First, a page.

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 Table of Contents  
EDITORIAL
Year : 2018  |  Volume : 6  |  Issue : 2  |  Page : 25-26

Current digital technology in dentistry: Three-dimensional printing


Department of Biopharmaceutical, Dokuz Eylül University, Izmir International Biomedicine and Genome Institute, Balcova, Izmir, Turkey

Date of Web Publication21-Nov-2018

Correspondence Address:
Cigdem Ozen
Dokuz Eylül University, Izmir International Biomedicine and Genome Institute, Balcova, Izmir
Turkey
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Source of Support: None, Conflict of Interest: None


DOI: 10.4103/dmr.dmr_21_18

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How to cite this article:
Ozen C. Current digital technology in dentistry: Three-dimensional printing. Dent Med Res 2018;6:25-6

How to cite this URL:
Ozen C. Current digital technology in dentistry: Three-dimensional printing. Dent Med Res [serial online] 2018 [cited 2018 Dec 16];6:25-6. Available from: http://www.dmrjournal.org/text.asp?2018/6/2/25/245924





The place of digital technologies in medical practice is rapidly increasing and dentistry is taking its share. With the help of digital technologies, production of clinical application tools with three-dimensional (3D) printing and the diagnosis of diseases using 3D imaging techniques become possible. As a result, in the last decade, the “3D printing” technology started to spread rapidly in dentistry.[1]

The idea of 3D printing of tangible objects is not so new. The first modal of 3D printing was developed in 1980s. However, it took nearly two decades for the first practical applications, and it was used to treat the first patient in 1999.[1],[2] Nowadays, this technology is increasingly being used in our daily life and many different areas.

3D printing technology depends on computer-aided design (CAD) software and computer-aided manufacturing (CAM) systems. With CAD/CAM systems, a large number of desired tools for dentistry can be easily created with a high degree of accuracy. 3D printing is an additive manufacturing process, and a 3D printer produces a tangible object (a certain designed object such as a brace for faster teeth alignment, orthodontic appliance or implants, prosthesis, and dental crowns) that is being created in layers.[1],[3],[4]

The first step in the workflow is generating a 3D patient model and begins with the result of a CAD or 3D scanning of the live patient itself. Besides, computer-aided modeling data can be obtained from 3D imaging systems such as computed tomography (CT), conical-beam CT, and intraoral or laboratory optical surface scanners. Then, a specific object (e.g., prosthesis) is designed with the CAD software, and the sliced model is prepared for printing. The sliced data are sent to the printer, and the material is placed as a layer in the printer. As a result, the 3D printed object is washed, processed, and ready for use.[1],[5],[6]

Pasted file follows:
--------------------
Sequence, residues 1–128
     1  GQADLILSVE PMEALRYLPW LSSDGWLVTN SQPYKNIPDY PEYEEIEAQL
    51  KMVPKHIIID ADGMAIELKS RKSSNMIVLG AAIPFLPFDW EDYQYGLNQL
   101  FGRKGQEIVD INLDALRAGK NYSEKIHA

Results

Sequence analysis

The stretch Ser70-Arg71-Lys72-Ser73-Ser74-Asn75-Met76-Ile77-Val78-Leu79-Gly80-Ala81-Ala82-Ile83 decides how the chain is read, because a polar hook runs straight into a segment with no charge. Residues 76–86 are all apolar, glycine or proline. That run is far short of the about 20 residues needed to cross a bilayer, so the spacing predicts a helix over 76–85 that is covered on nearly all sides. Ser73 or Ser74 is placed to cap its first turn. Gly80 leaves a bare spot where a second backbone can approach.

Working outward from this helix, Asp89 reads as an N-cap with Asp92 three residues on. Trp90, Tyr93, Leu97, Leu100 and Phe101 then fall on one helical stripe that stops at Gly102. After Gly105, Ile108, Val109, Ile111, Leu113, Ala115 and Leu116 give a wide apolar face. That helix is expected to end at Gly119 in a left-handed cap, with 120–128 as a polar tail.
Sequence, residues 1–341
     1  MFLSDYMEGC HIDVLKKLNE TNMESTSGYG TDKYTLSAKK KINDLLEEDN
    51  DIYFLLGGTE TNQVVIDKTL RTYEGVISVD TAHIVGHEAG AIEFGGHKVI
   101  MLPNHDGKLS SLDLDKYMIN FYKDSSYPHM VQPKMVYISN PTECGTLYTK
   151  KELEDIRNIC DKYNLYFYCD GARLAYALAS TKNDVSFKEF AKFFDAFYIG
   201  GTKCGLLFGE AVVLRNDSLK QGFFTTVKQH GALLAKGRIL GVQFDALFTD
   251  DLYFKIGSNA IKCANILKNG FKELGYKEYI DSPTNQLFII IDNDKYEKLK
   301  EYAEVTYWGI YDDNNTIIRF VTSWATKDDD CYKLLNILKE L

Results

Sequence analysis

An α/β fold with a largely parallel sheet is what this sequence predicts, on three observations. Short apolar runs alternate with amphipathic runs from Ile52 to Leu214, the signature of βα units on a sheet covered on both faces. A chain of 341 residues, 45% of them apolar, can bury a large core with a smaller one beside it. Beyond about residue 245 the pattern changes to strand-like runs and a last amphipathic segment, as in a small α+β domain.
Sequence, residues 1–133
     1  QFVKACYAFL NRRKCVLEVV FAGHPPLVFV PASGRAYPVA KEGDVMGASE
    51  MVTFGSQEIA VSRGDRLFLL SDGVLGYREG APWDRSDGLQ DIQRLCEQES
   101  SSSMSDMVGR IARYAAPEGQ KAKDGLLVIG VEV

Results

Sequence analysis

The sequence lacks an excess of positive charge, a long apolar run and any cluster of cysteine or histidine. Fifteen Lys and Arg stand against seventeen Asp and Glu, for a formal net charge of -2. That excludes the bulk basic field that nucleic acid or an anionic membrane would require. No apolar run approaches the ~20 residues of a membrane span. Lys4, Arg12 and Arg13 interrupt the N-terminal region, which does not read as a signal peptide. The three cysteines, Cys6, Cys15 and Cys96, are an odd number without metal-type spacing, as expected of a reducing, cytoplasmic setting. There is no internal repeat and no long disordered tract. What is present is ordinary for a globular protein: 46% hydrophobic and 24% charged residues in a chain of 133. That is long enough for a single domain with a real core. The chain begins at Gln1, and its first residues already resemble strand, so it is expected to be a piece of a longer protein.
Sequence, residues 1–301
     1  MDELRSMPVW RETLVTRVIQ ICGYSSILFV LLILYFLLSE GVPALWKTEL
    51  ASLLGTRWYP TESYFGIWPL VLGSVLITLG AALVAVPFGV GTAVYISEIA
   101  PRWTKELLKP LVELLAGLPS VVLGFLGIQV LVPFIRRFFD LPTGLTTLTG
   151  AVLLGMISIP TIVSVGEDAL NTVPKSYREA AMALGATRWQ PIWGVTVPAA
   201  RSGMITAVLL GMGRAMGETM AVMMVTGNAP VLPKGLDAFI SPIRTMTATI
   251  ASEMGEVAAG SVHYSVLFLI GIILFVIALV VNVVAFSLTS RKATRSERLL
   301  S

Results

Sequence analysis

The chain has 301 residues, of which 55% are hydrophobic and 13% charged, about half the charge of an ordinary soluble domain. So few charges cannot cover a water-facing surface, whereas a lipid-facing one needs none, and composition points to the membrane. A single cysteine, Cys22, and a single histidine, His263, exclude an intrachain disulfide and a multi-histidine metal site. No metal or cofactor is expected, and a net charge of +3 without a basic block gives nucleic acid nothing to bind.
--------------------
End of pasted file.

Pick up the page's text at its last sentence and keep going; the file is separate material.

Selective laser melting, stereolithography, fuse-deposition modeling, and digital light processing are the most used 3D printing technologies in dental medicine.[1],[5] These techniques differ regarding power sources, layering techniques, and material usage.

3D printing is used in dental medicine for the following treatments:

  1. Oral surgery
  2. Implantology
  3. Maxillofacial prosthesis
  4. Prosthodontics


What are the benefits of 3D printing that help general dentists, orthodontists, and prosthetists in their daily work? Here are some important examples of this technology as follows:[4]

3D printed braces with LED lights are proposed to align and straighten the teeth faster. In these braces, each tooth has a battery which produces light and this light energy supports the teeth to move faster. This technology is still in development.

3D printed aligners were first produced by Amos Dudley, a college student of the Jersey Institute of Technology. He had to produce his own 3D printed aligners because he could not afford the regular braces. As a result, he was able to produce 3D printed aligners (12 aligner orthodontic sets), at a considerably reduced cost of 60$.

3D printing has become an important player in dental implant surgery and restoration. It is now possible to replace a missing tooth with a 3D model. This process is not only easy and fast but also more accurate and economical than the traditional method.

The most common 3D printing practice in dentistry is the production of cranes, which can be quickly performed by the dentist himself.

What are the most significant advantages that the 3D printing technology provides[3]?